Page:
Debate-leery pols still not ready for primetime

NBC, CNN to share feed; CBS refuses to air competish

GOP contender George Bush is ready to rumble; VP Al Gore says fine, but not unless everybody can watch. And the major networks’ debate debacle, which has delayed the launch of the fall lineup, has become even more confusing.

And that’s not even counting David Letterman’s latenight invitations.

Bush had a busy weekend. He rejected two of three invitations to debate Gore in primetime slots arranged by the Commission on Presidential Debates and, instead, has challenged Gore to debate him on NBC’s “Meet the Press” and CNN’s “Larry King Live.” Then, while onstage in Indiana and thinking his mike was off, he whispered to his running mate that a New York Times reporter was “a major league asshole.”

Tossing tradition in the Labor Day barbecue pit, the Texas governor trumpeted his plan under which individual television networks would present two of the three debates, instead of all the major nets airing all of them. Saying he preferred “free-flowing, spontaneous” discussions rather than the more formally structured commission debates, Bush chose a special 60-minute primetime edition of NBC’s “Meet the Press” on Sept. 12 and a 60-minute edition of CNN’s “Larry King Live” on Oct. 3 as his preferred venues.

The Gore campaign wants three 90-minute primetime debates as proposed by the bipartisan Commission on Presidential Debates (CPD), saying those will reach the widest audience. Gore said Bush must agree to the commission debates before any others.

“It’s become a tradition to get all the networks together and give all of the American people the right to see three 90-minute, primetime debates, the vice president said on NBC’s “Today.”

Open feeds

Both CNN and NBC have agreed to make video feeds of the events simultaneously available to other nets. NBC spokeswoman Barbara Levin said the Peacock would open the feed to “any broadcast, cable or Internet outlet.”

CBS does not plan to air the broadcast of a competing network. “Our intention is to cover the commission debates if they happen,” said CBS spokeswoman Sandy Genelius. “It’s not our plan to carry a CNN debate or an NBC debate.” Late Monday, Fox News and ABC had not decided whether they would air the NBC and CNN debates, but sources say it’s unlikely.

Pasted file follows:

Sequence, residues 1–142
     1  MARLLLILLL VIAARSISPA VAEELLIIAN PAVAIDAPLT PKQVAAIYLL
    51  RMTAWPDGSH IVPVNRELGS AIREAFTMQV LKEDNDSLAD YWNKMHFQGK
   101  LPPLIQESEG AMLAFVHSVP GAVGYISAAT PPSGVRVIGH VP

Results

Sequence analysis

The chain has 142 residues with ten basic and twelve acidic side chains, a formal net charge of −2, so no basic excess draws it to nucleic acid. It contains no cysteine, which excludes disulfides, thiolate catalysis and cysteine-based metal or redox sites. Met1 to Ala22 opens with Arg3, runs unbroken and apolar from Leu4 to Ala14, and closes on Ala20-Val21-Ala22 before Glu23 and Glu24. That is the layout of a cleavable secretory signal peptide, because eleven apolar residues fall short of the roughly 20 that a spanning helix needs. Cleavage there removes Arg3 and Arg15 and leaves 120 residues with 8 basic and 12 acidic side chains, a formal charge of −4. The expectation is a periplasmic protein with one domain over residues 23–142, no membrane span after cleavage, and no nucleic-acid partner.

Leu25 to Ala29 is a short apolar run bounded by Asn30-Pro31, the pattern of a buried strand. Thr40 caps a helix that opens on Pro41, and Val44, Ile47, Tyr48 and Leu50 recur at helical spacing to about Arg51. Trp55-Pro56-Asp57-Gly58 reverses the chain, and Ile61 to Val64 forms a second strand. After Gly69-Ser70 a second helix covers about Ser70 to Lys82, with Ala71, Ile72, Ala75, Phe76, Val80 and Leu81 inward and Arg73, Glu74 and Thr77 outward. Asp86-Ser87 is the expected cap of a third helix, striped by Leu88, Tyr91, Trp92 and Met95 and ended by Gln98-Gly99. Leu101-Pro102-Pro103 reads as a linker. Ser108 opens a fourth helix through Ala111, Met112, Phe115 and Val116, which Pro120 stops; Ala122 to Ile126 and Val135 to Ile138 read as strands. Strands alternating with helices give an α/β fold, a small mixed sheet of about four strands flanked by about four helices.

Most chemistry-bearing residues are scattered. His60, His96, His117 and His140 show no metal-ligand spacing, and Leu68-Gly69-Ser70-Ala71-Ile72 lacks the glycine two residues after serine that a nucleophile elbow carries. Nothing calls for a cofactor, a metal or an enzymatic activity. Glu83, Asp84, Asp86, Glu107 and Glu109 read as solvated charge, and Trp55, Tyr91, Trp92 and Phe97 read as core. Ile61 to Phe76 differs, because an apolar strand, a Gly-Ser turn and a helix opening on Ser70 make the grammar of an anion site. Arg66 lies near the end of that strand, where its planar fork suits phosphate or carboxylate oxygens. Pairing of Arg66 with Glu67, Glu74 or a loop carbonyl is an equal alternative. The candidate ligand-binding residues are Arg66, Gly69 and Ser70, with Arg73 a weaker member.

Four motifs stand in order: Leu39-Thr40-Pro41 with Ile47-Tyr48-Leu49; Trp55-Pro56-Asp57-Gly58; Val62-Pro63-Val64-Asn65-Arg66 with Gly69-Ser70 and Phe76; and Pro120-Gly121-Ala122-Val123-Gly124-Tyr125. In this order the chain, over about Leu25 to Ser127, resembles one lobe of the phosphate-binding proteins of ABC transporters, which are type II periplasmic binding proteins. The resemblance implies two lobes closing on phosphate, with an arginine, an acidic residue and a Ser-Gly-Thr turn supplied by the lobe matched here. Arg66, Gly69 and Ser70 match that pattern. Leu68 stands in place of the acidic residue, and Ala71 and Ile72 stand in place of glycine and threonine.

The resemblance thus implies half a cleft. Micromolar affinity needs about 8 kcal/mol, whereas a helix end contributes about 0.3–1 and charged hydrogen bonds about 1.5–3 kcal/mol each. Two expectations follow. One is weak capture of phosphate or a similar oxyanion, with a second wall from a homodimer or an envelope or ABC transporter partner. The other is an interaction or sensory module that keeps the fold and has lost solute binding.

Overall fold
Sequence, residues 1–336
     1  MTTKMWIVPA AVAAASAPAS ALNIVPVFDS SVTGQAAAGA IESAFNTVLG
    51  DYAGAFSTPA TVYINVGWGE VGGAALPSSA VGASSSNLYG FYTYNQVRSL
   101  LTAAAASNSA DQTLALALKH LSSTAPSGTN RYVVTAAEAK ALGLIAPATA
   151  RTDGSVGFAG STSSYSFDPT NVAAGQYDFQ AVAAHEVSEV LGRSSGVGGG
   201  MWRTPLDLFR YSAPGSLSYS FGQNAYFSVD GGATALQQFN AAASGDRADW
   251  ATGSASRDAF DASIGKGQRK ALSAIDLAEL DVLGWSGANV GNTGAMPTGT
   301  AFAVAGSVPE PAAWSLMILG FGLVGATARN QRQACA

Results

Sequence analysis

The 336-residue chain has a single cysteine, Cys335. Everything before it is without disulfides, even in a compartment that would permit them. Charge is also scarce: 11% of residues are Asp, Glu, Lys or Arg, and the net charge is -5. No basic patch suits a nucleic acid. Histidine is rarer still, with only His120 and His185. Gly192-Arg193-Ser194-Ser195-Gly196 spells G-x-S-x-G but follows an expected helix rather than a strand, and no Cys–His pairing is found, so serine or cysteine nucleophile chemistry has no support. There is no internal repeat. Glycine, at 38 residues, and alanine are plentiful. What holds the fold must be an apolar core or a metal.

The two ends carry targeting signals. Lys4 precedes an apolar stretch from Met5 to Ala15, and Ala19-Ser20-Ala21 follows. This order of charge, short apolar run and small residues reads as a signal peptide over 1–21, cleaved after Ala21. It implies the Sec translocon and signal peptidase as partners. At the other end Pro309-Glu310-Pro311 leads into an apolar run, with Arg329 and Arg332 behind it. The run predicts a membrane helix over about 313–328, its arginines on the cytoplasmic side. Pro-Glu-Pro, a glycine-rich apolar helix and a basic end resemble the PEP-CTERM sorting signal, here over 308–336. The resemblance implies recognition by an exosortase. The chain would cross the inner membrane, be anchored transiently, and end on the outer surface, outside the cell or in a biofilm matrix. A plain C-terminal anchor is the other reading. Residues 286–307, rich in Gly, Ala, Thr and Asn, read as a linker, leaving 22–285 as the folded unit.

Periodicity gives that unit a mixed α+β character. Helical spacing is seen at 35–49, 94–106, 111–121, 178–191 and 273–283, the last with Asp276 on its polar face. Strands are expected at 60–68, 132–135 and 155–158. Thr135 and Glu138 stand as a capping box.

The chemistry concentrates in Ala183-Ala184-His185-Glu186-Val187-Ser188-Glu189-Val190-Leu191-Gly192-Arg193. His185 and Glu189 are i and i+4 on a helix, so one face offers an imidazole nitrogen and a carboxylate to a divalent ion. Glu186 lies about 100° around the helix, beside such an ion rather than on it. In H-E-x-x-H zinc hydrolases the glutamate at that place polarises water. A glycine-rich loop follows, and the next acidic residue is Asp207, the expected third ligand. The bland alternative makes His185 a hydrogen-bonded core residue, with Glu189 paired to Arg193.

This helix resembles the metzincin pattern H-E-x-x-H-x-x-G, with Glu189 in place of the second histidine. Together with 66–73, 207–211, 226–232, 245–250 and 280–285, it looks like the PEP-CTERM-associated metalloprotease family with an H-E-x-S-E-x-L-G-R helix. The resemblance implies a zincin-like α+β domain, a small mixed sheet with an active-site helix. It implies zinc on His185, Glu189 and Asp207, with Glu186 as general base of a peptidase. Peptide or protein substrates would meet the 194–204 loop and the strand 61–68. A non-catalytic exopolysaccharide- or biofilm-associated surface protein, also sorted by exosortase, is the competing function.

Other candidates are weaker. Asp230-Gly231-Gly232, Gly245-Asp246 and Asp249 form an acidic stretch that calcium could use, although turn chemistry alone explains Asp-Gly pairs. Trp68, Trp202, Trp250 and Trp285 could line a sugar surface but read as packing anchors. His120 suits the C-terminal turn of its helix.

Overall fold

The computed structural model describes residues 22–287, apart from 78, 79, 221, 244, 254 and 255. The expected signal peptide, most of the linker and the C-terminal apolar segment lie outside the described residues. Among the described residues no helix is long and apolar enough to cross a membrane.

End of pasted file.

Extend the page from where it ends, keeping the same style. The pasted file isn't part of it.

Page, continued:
Of the three presidential debates proposed by the CPD, Bush agreed to only one, scheduled for Oct. 17. The commission, established in 1988 and host of the major debates of the last three presidential races, has scheduled the other two debates for Oct. 3 and Oct. 11.

Bush decision final

A Gore campaign spokesman said the vice president — widely considered a skilled debater — would gladly meet up with Bush in other venues, such as “Larry King Live,” but only if Bush first agreed to all three CPD debates. Bush officials, however, have said their decision to accept only one of the commission debates was final.

In a terse statement issued over the Labor Day weekend, the CPD said it is “committed to sponsor and produce debates that educate the largest number of Americans possible” and that its plan “continues to be the one in the best interest of the American public.” The CPD has asked the Gore and Bush campaigns for a meeting this week.

CPD executive director Janet Brown recently told Daily Variety that she spent nearly two years negotiating the three dates with the networks.

“The CPD’s schedule was specifically developed to minimize conflict with other scheduled television programs which would have reduced the size of the national audience (such as the Olympics, baseball playoffs and World Series), and to minimize competition between networks,” the CPD statement released Sunday said.

Seasonal dilemma

As earlier reported (Daily Variety, Aug. 25), the delayed decisions regarding the presidential debates has been wreaking havoc with the already postponed rollout of TV’s fall lineups. The Oct. 3 debate, for example, will land smack dab in the middle of what’s traditionally known as premiere week, when the major nets (especially the original Big Three) traditionally roll out their new and returning skeins.

Bush’s Indiana faux pas was a reference to the New York Times’ Adam Clymer, who recently wrote a series of articles critical of the Texas governor’s record in Austin.

(The Associated Press contributed to this report.)

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